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Accuracy

At the core of Pertinacity is a proxy for calories. To evaluate this proxy we need to consider precision and accuracy. The previous blog post addressed precision. In this post we address accuracy.

Recall the calorie proxy:

  • Imagine squashing the food item.
  • Make a fist. Estimate how many fists would be the same size as the squashed food item.
  • Exclude drinks known to have zero calories (water, diet soda, tea, black coffee, etc.), but include other drinks like smoothies, alcohol, regular soda, milk, juice, etc.

An evaluation of accuracy is best done in terms of bias: bias: The average value of errors in a measurement. Lower bias measure higher accuracy.

Biases in Calorie Counting

Calorie counting systems possess several biases. They still help people lose weight, but they do so in spite of the biases.

Calorie counting systems usually have two parts: (i) a measurement of the calories you consume in a day, and (ii) a limit on the number of calories you consume in a day. The limit is derived from a model like this:

Calories In - Calories Out < 0

where Calories In is the number of Calories you measures and Calories Out is given by

Calories Out = Estimated Energy Requirement (EER) = Calories expended to maintain weight as a function of age, gender, weight, height, and level of activity

Bias: EER

EER is defined in report Institute of Medicine Dietary Reference Intakes (DRI) as "the average dietary energy intake that is predicted to maintain energy balance in a healthy adult of a defined age, gender, weight, height, and level of physical activity, consistent with good health". The DRI presents a statistical model of EER based on age, gender, etc. Like any model there is some uncertainty (or spread as defined previously). The spread in the estimate of EER is about 200 Calories for males and 180 Calories for females Table 5-14.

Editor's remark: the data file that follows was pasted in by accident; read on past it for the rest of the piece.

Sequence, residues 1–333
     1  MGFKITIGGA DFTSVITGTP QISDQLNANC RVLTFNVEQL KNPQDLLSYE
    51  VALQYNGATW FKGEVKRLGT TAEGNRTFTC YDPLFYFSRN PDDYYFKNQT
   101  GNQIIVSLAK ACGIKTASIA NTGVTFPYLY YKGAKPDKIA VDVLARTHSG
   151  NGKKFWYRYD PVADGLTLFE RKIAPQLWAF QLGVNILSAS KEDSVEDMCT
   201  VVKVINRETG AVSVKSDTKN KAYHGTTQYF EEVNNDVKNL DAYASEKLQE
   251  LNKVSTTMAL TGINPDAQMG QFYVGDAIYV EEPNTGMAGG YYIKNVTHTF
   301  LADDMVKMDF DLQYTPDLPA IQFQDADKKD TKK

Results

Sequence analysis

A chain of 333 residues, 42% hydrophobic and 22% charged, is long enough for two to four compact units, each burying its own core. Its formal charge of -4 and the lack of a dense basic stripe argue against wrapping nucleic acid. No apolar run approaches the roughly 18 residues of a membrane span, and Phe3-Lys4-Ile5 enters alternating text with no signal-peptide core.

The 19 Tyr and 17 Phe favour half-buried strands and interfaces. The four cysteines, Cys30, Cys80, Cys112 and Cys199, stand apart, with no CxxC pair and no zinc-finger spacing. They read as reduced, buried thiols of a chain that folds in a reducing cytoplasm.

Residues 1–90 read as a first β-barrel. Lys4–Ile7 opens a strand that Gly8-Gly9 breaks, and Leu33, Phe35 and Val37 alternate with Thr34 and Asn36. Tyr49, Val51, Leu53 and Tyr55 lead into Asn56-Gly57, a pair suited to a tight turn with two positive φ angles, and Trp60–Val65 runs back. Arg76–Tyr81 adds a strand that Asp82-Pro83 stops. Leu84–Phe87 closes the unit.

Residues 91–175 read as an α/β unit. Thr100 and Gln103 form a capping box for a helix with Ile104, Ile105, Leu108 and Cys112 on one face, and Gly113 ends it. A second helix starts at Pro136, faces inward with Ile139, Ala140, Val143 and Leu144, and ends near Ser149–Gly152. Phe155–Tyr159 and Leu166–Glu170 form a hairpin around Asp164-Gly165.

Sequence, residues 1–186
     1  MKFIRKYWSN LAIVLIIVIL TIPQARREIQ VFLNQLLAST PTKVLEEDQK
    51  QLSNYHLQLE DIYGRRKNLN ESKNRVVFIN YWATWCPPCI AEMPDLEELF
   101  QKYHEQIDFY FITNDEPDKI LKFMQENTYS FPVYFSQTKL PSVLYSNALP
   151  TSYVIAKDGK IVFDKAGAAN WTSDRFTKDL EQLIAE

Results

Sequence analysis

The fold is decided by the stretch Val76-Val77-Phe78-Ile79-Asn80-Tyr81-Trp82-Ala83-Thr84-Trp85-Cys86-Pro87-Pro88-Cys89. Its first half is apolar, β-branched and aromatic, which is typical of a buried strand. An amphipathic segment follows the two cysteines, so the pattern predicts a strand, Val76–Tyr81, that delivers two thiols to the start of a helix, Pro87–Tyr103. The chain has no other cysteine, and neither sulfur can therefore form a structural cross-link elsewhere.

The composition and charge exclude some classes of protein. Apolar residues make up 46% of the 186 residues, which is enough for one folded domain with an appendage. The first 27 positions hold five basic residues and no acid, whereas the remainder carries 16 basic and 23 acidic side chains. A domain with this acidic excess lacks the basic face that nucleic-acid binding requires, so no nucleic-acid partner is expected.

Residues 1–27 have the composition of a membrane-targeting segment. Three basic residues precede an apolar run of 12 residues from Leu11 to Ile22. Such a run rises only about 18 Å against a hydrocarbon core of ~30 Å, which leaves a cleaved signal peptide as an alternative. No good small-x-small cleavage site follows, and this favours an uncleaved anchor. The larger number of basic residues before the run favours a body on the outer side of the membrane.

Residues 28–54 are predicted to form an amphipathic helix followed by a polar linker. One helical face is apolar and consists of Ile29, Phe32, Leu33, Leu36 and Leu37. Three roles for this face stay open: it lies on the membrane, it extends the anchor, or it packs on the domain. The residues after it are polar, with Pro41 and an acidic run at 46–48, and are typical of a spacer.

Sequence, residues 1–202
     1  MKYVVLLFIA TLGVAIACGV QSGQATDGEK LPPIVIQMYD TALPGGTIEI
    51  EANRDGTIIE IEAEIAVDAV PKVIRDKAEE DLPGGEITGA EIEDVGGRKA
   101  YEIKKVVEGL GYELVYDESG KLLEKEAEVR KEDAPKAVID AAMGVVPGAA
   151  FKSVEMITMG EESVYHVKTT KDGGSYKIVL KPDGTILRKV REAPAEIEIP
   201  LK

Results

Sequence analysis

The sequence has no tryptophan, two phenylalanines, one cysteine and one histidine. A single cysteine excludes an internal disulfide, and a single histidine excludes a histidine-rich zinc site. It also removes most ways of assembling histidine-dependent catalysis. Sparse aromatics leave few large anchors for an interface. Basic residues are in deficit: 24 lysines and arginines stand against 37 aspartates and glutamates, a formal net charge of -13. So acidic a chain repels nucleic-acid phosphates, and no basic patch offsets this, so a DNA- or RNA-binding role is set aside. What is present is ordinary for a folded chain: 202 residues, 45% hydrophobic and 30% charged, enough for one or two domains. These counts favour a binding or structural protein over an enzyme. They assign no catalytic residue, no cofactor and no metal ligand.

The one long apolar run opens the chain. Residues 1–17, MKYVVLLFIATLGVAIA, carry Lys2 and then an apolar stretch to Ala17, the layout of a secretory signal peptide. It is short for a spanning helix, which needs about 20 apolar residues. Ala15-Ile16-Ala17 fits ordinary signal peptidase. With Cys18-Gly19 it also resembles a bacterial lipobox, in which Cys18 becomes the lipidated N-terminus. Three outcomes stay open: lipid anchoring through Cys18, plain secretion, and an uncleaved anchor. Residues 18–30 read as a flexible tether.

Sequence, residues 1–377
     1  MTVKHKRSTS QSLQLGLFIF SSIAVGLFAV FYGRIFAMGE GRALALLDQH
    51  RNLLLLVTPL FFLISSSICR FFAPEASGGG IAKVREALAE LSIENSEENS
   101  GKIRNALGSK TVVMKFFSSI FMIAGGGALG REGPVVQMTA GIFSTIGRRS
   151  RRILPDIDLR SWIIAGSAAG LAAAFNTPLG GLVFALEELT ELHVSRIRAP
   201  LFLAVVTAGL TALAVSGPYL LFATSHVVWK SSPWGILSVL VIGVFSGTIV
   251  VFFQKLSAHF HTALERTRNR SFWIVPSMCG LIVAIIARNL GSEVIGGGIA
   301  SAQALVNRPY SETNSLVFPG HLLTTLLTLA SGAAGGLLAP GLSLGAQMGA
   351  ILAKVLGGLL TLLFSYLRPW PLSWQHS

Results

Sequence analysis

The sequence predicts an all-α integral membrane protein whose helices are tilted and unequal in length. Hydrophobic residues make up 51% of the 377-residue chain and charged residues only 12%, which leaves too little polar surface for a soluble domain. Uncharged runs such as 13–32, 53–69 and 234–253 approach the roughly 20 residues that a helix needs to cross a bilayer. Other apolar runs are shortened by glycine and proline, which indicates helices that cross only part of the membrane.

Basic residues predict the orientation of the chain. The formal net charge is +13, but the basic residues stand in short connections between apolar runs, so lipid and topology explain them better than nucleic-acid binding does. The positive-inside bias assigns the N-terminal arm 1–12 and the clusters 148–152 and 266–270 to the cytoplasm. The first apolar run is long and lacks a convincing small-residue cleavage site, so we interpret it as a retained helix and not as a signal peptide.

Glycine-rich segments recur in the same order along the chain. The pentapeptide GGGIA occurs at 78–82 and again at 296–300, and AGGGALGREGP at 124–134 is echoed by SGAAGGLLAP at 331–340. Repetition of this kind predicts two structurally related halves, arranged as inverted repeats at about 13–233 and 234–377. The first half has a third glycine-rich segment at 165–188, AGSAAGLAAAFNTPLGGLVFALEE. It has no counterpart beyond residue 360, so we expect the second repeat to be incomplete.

When applying the EER estimate to calorie counting we'll get a number for Calories Out and try to eat less than that number for many days in a row. Imprecision in the estimate of that number thus appears as a persistent bias in our calorie counting system. The DRI describes the situation this way: "By definition, the estimate would be expected to underestimate the true energy expenditure 50 percent of the time and to overestimate it 50 percent of the time, leading to corresponding changes in body weight."

EER cross-sectional imprecision leads to a persistent bias in a calorie-counting system -- in Calories Out -- of around +/- 200 Calories.

Bias: Calories In